As John C. Reilly’s Ralph notes early in Wreck-It Ralph, video games have gotten violent and scary. It’s no small wonder that I’ve generally given up on playing video games – it’s a pastime that simply doesn’t engage me like it once used to. But with its retro gloss, Wreck-It Ralph institutes a very careful and manufactured attempt to revitalize the gamer inside of me. With plentiful references to games of old, the desire to dust off the controller is palpable. But as the picture attempts to shake my cynicism of being a film constructed under the guise of licensing with its heartfelt gestures of genuine tenderness, the overarching sense that Wreck-It Ralph depends on referential material to progress its narrative hinders much of its efforts.
Conceptually unique if not narratively cliché, Wreck-It Ralph functions as a generally-agreeable animated film that is elevated by its exceptional visual presentation and superb voice work. Characters roam the visual terrain in a manner that matches their in-game movements. This sort of visual cue is one of the more interesting referential uses of its material, though so much of the picture depends on superficial qualities that don’t transcend or elevate the material in a significant way.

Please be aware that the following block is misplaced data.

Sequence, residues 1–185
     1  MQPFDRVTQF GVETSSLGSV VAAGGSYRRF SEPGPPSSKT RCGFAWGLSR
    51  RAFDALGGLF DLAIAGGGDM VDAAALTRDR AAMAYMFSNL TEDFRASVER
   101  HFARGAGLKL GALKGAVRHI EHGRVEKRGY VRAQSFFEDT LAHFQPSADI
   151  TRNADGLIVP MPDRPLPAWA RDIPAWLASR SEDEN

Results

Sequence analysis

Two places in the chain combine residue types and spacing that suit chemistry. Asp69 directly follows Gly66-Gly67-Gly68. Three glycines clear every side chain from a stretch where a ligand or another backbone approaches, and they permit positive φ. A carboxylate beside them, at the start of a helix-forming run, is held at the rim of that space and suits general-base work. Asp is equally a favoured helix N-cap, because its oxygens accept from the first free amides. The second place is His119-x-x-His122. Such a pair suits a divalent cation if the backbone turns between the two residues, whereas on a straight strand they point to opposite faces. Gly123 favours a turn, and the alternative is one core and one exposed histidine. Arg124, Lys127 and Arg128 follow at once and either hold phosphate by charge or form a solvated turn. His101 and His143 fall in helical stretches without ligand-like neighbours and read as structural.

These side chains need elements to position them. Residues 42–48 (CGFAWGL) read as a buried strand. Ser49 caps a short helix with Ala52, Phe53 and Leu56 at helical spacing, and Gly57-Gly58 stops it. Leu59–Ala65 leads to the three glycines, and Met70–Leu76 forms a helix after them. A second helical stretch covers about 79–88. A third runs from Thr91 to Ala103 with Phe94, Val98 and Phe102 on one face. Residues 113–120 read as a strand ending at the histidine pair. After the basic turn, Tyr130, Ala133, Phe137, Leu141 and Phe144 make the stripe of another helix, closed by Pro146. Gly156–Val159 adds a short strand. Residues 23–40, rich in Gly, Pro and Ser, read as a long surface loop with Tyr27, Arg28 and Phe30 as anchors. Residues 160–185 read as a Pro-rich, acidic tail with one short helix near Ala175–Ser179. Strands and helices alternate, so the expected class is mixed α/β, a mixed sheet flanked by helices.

What does elevate the material is John C. Reilly and Sarah Silverman’s voice work for the picture. Rarely am I grabbed by the voice work of an animated film, but Wreck-It Ralph provides some of the most memorable and distinctive examples of this type of craft. The tenderness and vulnerability that they exude through their characters instills the material with so much more depth. Playing wounded characters on the verge of achieving social acceptance, both Reilly and Silverman inject their avatars with enough humanity to give this film serious emotional heft. The plotting of Wreck-It Ralph adheres to a very formulaic series of events that rarely deviates from expectations – but the grounded way in which Reilly and Silverman voice these scenes is impeccable. Tied together with such gorgeous animation, Wreck-It Ralph is as much a technical achievement as it is an actor’s showcase.
The material lacks depth beyond the qualities that Reilly and Silverman provide though. It’s not as if my expectations that a film like this would transcend its superficiality, but the rather unique premise it presents is failed by dull plotting. It’s all a little too composed, a little too manufactured to ever register on the human level it yearns for. For all its qualities, Wreck-It Ralph has its highs and lows that average out to something just a little above average.